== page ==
Rwandan student learns a different type of agriculture

JEAN CLAUDE MBARUSHIMANA
AGE: 23
HOME: KAMONYI, RWANDA
MAJOR: AGRIBUSINESS
HOBBIES: RUNNING, PRAYING AND HANGING OUT WITH FRIENDS
FAVORITE SAYING: “PEOPLE, WHEN THEY WALK TOGETHER, THEY CAN ACHIEVE MANY THINGS.”

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Agriculture is a worldwide industry and Rwandan student Jean Claude Mbarushimana is learning firsthand at the University of Nebraska-Lincoln how it varies throughout the world.

Mbarushimana, a 23-year-old freshman from the district of Kamonyi, studies agribusiness. He sees three major differences between agriculture in Nebraska and Rwanda: technology, land and the reason certain crops are grown.

“We grow corn and you grow corn, but there is a difference because they told us a large quantity of corn here are used to produce ethanol,” he said. “We grow corn for food. That’s the big difference.”

Since arriving in Nebraska in August, he has spoken with farmers and visited farms, feed lots and other agricultural businesses.

His opportunity to study at UNL came through an association between the College of Agricultural Sciences and Natural Resources and the Rwandan government. He is a part of a group of 50 Rwandan students, some of whom he already knew.

Mbarushimana’s scholarship requires that he study something related to agriculture. His interest in business administration made agribusiness an easy choice.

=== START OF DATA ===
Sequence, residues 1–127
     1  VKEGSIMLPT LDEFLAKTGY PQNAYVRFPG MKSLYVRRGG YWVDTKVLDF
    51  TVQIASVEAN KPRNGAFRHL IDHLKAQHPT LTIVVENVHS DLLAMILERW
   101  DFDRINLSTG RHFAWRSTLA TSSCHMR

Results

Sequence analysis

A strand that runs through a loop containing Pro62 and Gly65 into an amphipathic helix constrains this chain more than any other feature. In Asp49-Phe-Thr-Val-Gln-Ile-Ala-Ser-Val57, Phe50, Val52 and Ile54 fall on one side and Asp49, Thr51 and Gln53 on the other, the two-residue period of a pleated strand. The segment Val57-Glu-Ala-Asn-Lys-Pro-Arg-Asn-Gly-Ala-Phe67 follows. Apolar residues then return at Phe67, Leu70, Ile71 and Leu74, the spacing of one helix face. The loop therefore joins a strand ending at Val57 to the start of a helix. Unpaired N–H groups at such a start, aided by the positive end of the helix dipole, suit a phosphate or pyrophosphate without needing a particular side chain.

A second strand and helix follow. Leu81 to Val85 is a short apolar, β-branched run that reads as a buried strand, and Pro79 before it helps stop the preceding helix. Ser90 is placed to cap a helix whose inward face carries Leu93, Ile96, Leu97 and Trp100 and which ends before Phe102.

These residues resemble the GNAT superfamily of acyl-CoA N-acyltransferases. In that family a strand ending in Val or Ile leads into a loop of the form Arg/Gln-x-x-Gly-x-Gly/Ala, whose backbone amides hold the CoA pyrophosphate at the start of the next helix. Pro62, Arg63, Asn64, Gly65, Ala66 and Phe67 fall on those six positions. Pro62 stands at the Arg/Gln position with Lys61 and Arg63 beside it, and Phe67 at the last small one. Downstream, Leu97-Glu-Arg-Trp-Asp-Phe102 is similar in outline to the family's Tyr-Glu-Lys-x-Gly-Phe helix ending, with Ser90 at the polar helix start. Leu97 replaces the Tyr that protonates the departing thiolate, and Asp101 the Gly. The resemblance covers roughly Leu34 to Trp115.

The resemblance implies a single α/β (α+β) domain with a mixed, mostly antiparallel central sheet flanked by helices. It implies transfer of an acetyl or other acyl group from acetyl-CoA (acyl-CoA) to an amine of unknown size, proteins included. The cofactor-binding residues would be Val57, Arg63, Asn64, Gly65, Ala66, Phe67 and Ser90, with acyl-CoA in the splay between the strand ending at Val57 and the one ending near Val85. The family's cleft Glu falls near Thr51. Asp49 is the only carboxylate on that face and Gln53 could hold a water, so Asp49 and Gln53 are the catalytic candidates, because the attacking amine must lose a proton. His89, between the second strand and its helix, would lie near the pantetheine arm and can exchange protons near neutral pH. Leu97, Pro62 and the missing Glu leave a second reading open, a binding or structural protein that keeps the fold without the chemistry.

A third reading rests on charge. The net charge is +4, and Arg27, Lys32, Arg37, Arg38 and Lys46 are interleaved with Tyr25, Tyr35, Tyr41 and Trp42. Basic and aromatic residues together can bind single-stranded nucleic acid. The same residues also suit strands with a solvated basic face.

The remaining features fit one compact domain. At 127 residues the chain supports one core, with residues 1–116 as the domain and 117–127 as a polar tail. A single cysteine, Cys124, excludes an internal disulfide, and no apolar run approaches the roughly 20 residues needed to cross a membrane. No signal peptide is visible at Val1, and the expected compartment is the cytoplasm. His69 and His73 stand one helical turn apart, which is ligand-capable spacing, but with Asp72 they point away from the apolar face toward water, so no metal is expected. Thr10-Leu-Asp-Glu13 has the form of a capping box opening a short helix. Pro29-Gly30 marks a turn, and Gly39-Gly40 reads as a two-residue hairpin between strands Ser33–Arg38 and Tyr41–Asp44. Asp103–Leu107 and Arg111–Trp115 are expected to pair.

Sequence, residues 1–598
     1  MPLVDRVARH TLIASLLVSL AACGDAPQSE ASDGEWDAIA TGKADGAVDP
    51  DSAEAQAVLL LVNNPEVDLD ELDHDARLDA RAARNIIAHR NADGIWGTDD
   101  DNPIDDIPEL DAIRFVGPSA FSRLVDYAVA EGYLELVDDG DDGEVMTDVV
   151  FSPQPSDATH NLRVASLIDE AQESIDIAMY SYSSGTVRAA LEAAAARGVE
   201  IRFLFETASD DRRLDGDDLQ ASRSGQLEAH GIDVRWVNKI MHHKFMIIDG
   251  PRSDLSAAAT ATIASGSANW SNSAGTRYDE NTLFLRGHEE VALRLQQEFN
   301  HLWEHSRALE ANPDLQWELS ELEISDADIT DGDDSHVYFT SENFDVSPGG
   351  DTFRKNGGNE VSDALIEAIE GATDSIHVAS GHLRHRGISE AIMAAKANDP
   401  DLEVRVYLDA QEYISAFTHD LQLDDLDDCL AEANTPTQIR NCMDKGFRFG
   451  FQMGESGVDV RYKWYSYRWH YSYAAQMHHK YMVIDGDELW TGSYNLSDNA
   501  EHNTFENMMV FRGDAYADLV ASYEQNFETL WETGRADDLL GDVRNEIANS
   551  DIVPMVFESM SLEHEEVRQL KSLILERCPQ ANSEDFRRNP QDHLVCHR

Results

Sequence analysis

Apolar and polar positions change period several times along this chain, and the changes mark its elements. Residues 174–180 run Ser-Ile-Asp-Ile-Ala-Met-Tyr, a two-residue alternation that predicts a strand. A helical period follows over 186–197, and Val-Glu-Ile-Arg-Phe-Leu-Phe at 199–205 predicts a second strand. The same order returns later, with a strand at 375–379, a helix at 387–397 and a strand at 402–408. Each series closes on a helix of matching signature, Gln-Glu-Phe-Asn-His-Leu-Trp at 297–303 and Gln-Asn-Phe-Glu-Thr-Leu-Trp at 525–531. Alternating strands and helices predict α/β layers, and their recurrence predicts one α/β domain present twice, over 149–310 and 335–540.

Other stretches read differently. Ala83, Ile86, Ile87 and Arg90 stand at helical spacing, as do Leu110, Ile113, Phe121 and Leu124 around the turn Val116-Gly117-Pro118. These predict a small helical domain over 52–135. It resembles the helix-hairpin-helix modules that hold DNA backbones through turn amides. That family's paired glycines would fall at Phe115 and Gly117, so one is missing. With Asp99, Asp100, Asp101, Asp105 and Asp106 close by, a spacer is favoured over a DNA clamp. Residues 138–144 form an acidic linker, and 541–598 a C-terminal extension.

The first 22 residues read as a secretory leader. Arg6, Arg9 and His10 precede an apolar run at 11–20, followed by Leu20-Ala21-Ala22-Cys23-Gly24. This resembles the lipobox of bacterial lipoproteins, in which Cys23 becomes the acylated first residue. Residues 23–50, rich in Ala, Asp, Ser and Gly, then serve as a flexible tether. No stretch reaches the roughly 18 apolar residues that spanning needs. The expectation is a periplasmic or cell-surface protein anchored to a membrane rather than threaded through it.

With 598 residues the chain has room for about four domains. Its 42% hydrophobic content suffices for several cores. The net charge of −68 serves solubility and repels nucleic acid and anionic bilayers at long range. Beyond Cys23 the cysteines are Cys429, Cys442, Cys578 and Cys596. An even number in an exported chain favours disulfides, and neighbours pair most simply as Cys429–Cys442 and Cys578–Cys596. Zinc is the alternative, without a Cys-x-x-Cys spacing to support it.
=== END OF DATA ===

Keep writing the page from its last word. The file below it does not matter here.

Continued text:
“The government wants to enforce (the agriculture) sector so it can improve the productivity,” he said. “It works with our donor, so the scholarship they provided to me caused me to do agribusiness.”

As part of a four-year program, his journey is just beginning, but he is already looking ahead to what comes next.

Although he might consider graduate school, he currently plans to return to Rwanda.

“At this point, I think I (will) go back home because what I am studying is connected to my country and in my program everything that we do we try to connect it to my country,” he said.

With his agribusiness degree, Mbarushimana will have the opportunity to work in one of Rwanda’s biggest industries either from the side of businesses or individual farmers, he said.

“I think I can work with either side, but I’m mostly interested in working with those companies.”

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